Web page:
|Decatur Book Festival (Photo credit: The Suss-Man (Mike))|
First Booklogix, the publishing company that published my most recent Wyatt book had a large booth and was sponsoring a tent for "emerging writers". I had been asked to participate in that venue but I really wanted to see how worthwhile it was before I invested money in a booth or a table. I found the Booklogix booth was hopping but mainly because it had some very energetic people promoting the contests they had as well as a couple of authors promoting their books.
The most successful author in the Booklogix tent was Mark Diamond and here's why. His wife was actually the one there selling the books and I"ll give her credit for discovering a great way to engage children. She did this by teaching them an origami trick. Here she is with some of her interested customers....
She had several books for sale. One was on various origami tricks to teach children. The others were on how to teach children to write. Teaching children to write is something I'm interested in, so guess what? I bought her books. Three of them. This example shows two things. First no matter how good your book is, you aren't going to sell it to someone who has no interest in the topic. I visited one whole booth that consisted of about eight authors who all wrote variations on Jane Austen stories. I was intrigued with the idea and actually talked to several of them but I didn't buy a book. Why? I'm just not a fan of that type of book.
Here's the second thing I found which is something I wrote about in a previous blog. In order to sell a book (or anything really), you must engage people in someway. The author I just mentioned engaged me in conversation right away and the fact that she had a book with a very practical way to engage children through origami caught my attention. This is selling at it's best. It is discovering what your customer needs and providing that. It is helping people in some way. It is building a relationship. We not only talked about teaching children origami but when she found out I was a teacher, she told me about her books on teaching children to write well and the workshops they offer for teachers. She mentioned contacts we might know in common in the county I work in. The three books I bought from her, were the only books I bought at the festival. Why? Because she had books on a topic that I was interested in. Because she built a relationship. It's really that simple.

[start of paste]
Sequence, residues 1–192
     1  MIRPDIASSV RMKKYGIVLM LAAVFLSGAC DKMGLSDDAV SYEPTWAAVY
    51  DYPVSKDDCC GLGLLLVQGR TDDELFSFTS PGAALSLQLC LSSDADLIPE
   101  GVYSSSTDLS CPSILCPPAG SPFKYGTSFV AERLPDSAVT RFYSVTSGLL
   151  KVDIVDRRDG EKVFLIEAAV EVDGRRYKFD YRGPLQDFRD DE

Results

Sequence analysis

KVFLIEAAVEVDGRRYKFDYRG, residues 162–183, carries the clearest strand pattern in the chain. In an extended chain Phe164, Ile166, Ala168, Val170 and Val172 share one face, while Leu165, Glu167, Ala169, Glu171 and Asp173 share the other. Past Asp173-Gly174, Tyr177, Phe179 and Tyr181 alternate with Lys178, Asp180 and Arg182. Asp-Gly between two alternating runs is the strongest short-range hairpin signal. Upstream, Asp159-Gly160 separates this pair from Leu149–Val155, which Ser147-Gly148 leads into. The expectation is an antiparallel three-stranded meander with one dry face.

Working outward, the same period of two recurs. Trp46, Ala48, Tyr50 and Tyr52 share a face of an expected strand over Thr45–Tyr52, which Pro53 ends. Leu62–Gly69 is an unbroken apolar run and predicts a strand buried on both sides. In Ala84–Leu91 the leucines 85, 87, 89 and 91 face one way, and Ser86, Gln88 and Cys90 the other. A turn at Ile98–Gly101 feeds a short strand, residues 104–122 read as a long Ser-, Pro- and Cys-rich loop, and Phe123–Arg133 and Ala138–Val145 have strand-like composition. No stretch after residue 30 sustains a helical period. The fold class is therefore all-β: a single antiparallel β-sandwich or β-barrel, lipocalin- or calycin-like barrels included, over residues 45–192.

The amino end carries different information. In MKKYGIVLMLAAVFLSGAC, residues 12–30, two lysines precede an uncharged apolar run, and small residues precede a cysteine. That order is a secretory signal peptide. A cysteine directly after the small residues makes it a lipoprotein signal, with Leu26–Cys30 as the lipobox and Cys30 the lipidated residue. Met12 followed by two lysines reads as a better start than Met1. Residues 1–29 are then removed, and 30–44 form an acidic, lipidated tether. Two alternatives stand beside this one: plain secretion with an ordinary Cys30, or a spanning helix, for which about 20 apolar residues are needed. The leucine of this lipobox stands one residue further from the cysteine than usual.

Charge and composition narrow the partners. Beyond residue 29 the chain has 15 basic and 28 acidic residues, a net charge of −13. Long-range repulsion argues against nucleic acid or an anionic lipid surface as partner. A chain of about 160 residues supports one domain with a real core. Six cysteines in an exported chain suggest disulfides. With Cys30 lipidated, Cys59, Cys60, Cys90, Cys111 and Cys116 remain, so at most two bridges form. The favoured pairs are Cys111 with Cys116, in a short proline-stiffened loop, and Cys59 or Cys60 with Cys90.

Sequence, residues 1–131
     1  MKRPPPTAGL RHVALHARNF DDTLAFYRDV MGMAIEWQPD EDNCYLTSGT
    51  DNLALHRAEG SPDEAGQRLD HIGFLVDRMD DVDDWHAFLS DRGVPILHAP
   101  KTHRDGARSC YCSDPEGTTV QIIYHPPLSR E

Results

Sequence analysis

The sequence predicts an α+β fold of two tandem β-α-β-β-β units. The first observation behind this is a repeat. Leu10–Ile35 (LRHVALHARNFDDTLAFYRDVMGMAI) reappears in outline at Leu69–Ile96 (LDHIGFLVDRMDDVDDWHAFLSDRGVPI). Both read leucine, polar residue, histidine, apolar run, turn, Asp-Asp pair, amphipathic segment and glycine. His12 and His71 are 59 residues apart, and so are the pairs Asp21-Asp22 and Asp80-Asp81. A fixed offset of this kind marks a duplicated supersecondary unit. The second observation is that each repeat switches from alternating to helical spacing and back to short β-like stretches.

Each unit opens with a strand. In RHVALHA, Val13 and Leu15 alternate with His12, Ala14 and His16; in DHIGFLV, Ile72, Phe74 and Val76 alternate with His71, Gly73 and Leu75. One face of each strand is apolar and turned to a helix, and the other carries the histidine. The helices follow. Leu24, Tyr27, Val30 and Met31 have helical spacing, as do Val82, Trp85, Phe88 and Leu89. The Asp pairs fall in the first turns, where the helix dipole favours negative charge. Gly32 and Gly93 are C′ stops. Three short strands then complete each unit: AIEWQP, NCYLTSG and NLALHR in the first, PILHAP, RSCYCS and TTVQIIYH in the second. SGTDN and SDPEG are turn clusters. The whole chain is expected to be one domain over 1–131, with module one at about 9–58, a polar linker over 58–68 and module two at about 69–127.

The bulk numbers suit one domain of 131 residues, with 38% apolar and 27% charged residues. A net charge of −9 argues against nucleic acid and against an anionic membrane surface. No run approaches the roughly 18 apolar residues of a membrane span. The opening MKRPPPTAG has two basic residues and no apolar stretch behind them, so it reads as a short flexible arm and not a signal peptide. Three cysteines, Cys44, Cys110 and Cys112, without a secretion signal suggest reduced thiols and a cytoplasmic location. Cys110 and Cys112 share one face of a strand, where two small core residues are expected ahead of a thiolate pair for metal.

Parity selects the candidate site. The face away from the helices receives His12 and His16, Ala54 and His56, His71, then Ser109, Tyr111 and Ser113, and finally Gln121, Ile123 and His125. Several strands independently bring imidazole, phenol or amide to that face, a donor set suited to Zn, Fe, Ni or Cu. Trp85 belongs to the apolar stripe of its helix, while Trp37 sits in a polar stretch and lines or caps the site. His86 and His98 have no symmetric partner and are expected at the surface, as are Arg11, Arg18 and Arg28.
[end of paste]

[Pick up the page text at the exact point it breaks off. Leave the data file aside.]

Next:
I visited lots of booths. Some booths were very busy.
Some booths were not.
But the lesson I learned proved true in each case: In order to sell your book, you must first find a way to market it to the right audience. You are never going to sell Harry Potter to someone who dislikes fantasy. You are never going sell a book on how to train a dog to someone who doesn't own one. But even with the right customer present, you must engage them somehow. You must get out from behind the table, you must get up off your chair, you must have something more interactive than a bowl of candy and you must build a relationship. If you aren't willing to do this... well you might as well spend the day at home writing a few chapters in your next book.
Would you agree? What do you think it takes to sell a book... or two?
Here's the books I bought:
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